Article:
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How To Take The Pain Out Of Performance Reviews

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How To Take The Pain Out Of Performance Reviews Powered By Docstoc
					by: Lora J Adrianse

The Painful Approach

For many years, "performance management" was of an annual event dreaded by both the
management and the workforce. For a week or two every year the manager would virtually
isolate himself and ponder the stack of review forms staring him in the face. Chances are there
was very little data tracked, so he'd try to rack his brain for the past year so he could "evaluate"
his employees. In the meantime, a silent tension was building within each of the employees.
Always anticipating a "surprise", they had no idea what to expect. After all, "how far back could
the manager remember?" and "what will he remember?" Regardless of the outcome, everyone
would breathe a sigh of relief when it was over.

It's Different Today

Today more than ever before, the entire performance management process is in the spotlight.
Companies need factual, reliable systems to make tough business decisions. Performance
management data is being used not only to measure individual performance, but also to measure
benchmark strength, the potential human capital, and the performance of segments within the
company. It's all crucial today, and it's here to stay.

The timing is perfect for managers to optimize performance review processes and engage each
employee in the process.

The Possibilities

Imagine what it would be like if the annual performance review process transformed into an
annual strategy session. No tension, no getting blindsided and no negative energy. A time for the
manager and employee to come together to reflect on the past year, formally acknowledge
accomplishments, strategize development opportunities and identify goals. Yes, there would still
be a fair amount of time involved, but wouldn't it be worth it if both the manager and the
employee could walk away feeling good about it?

Creating a partnership approach to the performance review process not only produces powerful
results, but also empowers employees. By proactively contributing to the process, employees feel
more in-control, and are motivated to perform better and achieve more.

How To Create A Partnership Approach To Performance Management

The First Ground Rule

As with most new processes, communication is the essential factor that can determine the
success or failure of your initiative, and especially a change. So, the ground rule is, communicate
openly, honestly, often, and completely.

Getting Started
Start with communication to your team. Tell them what, why, and especially, what's in it for
them. Then schedule a series of meetings with them to work through the details as suggested
below. It's extremely beneficial to get a volunteer to document the outcome of each meeting.
After the meeting send the document back to the group to confirm and/or clarify agreements.

Establish Shared Understandings

Establishing shared understandings and agreements takes the guesswork and assumptions out of
the performance review process.

Work with your team to create a list of performance management criteria that needs to be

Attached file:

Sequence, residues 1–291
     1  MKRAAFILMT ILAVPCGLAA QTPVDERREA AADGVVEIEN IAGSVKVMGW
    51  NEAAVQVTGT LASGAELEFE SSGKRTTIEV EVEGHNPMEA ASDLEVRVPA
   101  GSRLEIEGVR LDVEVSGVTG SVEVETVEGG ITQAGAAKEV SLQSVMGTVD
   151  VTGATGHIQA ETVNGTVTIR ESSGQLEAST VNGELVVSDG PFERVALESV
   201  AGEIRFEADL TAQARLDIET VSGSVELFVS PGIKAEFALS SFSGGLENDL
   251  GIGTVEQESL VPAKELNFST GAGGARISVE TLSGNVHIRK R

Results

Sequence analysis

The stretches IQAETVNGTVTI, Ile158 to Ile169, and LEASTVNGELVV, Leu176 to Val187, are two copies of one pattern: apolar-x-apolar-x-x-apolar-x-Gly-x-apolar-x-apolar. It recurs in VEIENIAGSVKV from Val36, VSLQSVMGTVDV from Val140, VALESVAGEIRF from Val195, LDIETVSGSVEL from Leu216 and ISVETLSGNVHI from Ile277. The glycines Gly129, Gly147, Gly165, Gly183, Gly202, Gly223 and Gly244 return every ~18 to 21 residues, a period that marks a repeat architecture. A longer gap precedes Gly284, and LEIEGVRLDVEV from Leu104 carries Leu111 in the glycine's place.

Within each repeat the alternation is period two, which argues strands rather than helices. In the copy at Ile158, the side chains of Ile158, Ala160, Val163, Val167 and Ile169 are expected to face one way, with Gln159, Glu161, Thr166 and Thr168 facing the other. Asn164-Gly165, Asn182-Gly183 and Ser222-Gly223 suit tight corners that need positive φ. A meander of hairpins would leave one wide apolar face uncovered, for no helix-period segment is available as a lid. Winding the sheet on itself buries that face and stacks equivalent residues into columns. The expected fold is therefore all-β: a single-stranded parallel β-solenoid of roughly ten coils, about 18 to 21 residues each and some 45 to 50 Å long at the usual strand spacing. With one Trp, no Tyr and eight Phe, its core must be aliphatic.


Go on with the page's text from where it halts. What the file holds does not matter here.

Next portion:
understood by all. Some examples:

      Definitions of each performance competency
      Definitions of rating scales or systems
      Performance standards
      Success indicators
      What will be measured
      How it will be tracked

Create Support Processes

Creating support processes will become nucleus of the partnership approach. In other words, the
support processes you create with your team become their critical opportunities to contribute to
the process.

Again, work with your team to create the processes that will support your performance review
process. Some examples:

      Weekly or bi-weekly meetings to discuss progress, roadblocks, etc.
      Monthly, quarterly or semi-annual reports to track accomplishments, progress, etc.
      A proactive ongoing feedback process - both employees and managers actively seek
       feedback regularly (what's going well, what can go better, what needs to change)
      A year-end process for compiling the information and planning for the annual
       strategy/review discussion
      A self-review process for employees - managers can request that self- reviews are
       submitted before the manager writes the review.

Integrate The System

Now, put your process in action. Think of your "shared understandings" as your guide to
performance standards and measurements. Your support processes are the tools you use to gather
and compile performance data. Now, all you need to do is to integrate the informa tion into your
performance management system and schedule the actual review meeting.

Reflect And Improve
At the end of each performance review cycle take time to get feedback from your team. It's as
simple as scheduling a meeting or sending an email. It's a great time to review your shared
understandings and support processes. Here are some questions to ask about the process:

      What went well?
      What could have gone better?
      What needs to change?

In Summary

When it's time for the annual performance review process both employees and managers have
plenty of factual information, will already know how they're doing, and best of all, will have
established relationships and rapport.

The annual strategy/review discussion becomes a time for the manager and employee to come
together to reflect on the past year, formally acknowledge accomplishments, strategize
development opportunities and plan for the upcoming year. And best of all, the painful surprises
have been eliminated.

This article was posted on December 02, 2003

				
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